From front-garden singing to TV life drawing, the current crisis seems to have sparked a (home-based) creative renaissance. And many people have been channelling creative energies into sewing projects. Restricted shopping opportunities give us all another reason for dusting down the sewing machine – whether making something from scratch or giving older items a new lease of life. So this month’s blog is dedicated to … the joys of making and mending.
If you’re new to sewing or a bit out of practice, we suggest you don’t leap into creating a tailored jacket straight away! Have a start with something relatively simple that doesn’t need any lining or fitting. A purse, tea cosy, cushion cover – these are all good to begin with and have the bonus of not needing a lot of fabric. And of course we would highly recommend the wonder-fabric, tweed. Here we’re making cushions with Plaited Twill Wine.
There are plenty of instructions online. The BBC’s Great British Sewing Bee has some great little videos, and the Women’s Institute has produced some how-to films specially for lockdown. If you’re nervous about making mistakes why not do a dummy run with a discarded sheet or other old fabric.
Scale it up
Feeling a bit more ambitious? Curtains are one of the most popular things people make with our tweed. They are actually surprisingly easy once you get your head around dealing with so much fabric. They work equally well lined or unlined, and with any kind of heading. For extra warmth you can even use thermal interlining – learn how to in this National Trust video.
We love seeing what other people have created with our fabric. This Skye couple used our herringbone tweed to create thermally lined divider curtains in a draughty house – and also give a new lease of life to some 1970s chairs.
On a practical note in regards to upholstery – we’ve put representative samples of our tweeds through the industry-standard Martindale Abrasion Test and they are all suitable for ‘heavy domestic use’ upholstery. The only one we wouldn’t recommend for upholstery is our Brushed Tweed, as with wear it would lose its brushed finish. The brushed tweeds are a favourite for curtains or soft furnishings such as cushions.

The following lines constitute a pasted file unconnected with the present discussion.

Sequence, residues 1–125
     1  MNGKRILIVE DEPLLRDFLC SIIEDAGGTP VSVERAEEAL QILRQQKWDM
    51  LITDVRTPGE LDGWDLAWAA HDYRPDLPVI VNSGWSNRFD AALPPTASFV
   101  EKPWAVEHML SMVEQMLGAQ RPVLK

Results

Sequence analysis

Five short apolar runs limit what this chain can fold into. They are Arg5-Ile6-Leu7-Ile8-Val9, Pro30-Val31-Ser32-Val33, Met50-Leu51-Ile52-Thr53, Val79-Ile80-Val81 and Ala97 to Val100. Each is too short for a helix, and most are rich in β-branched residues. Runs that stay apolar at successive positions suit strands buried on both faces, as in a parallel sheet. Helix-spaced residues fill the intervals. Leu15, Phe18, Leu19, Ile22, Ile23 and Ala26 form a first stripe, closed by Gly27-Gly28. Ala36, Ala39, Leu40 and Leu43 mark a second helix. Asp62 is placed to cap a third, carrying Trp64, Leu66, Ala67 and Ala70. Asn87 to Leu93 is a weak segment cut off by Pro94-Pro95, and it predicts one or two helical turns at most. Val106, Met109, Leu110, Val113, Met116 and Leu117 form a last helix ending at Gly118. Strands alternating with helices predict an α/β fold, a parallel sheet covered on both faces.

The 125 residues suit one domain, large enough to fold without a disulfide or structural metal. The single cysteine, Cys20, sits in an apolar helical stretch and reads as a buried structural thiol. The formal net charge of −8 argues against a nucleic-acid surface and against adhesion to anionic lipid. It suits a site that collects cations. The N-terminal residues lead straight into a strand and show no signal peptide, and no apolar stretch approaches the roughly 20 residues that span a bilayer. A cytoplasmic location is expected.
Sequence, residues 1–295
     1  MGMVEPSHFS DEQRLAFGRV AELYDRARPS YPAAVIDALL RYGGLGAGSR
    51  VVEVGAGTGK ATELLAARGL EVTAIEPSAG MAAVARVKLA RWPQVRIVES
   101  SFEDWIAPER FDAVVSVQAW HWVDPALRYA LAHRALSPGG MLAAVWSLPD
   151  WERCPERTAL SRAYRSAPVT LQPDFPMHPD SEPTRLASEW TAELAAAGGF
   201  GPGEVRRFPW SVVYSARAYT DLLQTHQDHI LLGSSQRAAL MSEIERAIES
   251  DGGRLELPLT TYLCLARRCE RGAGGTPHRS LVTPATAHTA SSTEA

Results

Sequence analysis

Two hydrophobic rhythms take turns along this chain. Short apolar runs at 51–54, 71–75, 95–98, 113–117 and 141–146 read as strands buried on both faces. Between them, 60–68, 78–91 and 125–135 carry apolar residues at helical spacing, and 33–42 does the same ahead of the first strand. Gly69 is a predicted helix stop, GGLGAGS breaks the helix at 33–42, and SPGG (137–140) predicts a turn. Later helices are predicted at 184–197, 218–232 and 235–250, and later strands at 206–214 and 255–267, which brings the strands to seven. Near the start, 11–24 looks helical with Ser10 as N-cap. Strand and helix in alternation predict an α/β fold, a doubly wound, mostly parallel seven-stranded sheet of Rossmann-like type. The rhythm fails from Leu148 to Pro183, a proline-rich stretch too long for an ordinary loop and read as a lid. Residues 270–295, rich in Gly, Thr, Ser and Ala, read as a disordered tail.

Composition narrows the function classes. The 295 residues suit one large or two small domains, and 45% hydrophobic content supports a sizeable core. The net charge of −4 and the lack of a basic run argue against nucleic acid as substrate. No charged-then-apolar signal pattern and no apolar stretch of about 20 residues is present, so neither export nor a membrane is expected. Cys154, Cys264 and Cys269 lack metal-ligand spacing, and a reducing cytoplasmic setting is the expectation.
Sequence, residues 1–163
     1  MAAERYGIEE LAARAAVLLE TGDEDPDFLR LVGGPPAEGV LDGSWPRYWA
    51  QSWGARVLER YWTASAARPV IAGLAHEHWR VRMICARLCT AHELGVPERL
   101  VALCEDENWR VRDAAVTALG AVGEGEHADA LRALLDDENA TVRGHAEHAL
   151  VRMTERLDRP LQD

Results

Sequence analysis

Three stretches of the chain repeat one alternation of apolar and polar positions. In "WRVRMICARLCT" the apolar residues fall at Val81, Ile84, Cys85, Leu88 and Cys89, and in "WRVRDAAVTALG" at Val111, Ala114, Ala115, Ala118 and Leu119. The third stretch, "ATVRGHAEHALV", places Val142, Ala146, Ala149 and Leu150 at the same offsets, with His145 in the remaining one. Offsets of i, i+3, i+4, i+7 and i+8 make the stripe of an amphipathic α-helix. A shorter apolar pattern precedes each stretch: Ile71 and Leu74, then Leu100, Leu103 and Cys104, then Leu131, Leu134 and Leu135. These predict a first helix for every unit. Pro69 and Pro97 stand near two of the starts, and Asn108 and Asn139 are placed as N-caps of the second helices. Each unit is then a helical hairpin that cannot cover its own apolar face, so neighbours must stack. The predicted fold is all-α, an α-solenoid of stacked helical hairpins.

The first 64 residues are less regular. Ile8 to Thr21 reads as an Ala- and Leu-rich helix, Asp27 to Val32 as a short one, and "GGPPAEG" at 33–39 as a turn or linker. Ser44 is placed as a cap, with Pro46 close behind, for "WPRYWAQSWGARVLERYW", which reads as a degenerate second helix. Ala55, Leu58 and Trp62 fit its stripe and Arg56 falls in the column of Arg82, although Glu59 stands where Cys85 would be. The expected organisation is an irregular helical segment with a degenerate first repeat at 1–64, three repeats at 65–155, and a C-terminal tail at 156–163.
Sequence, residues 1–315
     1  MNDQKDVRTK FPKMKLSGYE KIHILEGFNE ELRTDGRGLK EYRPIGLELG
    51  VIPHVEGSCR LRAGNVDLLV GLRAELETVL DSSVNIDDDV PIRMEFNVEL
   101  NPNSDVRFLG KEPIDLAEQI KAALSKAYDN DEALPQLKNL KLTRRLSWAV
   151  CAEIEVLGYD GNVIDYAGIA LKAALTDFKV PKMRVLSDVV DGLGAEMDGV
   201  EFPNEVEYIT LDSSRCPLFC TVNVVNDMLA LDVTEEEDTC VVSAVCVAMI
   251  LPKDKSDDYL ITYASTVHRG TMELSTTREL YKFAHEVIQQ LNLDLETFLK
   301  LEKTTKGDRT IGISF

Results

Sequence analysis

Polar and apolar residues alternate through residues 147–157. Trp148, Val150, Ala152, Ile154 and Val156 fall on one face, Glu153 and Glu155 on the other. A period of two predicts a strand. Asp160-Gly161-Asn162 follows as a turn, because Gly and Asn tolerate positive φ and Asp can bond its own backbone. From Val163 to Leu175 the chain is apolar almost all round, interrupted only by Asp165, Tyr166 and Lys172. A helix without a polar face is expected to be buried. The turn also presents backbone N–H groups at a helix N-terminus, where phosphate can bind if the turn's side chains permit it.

Tweed is a great fabric for clothing projects too. Our fabric lends itself to trousers, jackets, waistcoats and more. Here are some more pictures from our creative customers.
You can find some excellent patterns online. As well as established makes like Burda there are a number of independent pattern makers springing up such as Alice & Co (we think their ‘Copenhagen Coat’ would look great in tweed).
Making it last
Today we are all starting to question our society’s throwaway culture; there’s a definite move towards buying things that will last, and towards sharing and handing down. And for fashion, that means rediscovering the art of mending. You know something has entered the Zeitgeist when Scotland’s design museum, the V&A Dundee, is on to it. Check out their Sewing Box for the Future web page where you can download ‘recipe cards’ on darning and other repair tasks and find out how to customise your own garments. You’ll find some good advice on the Fashion Revolution website too – from how to sew on a button to how to refresh your wardrobe.
Mending has actually become an art form in itself. Witness the new trend for ‘visible mending’ – making rips and mistakes beautiful. Scottish knitwear designer Flora Collingwood-Norris is something of a visible mending guru and runs online tutorials on the subject; here are a couple of her creations.
If you’re feeling inspired why not take a visit to our online shop where you can order samples of all our tweeds. We’re also now selling a pack of three matching tweeds suitable for cushions, so you can mix and match. We hope you enjoy getting creative – and don’t forget to share with us online!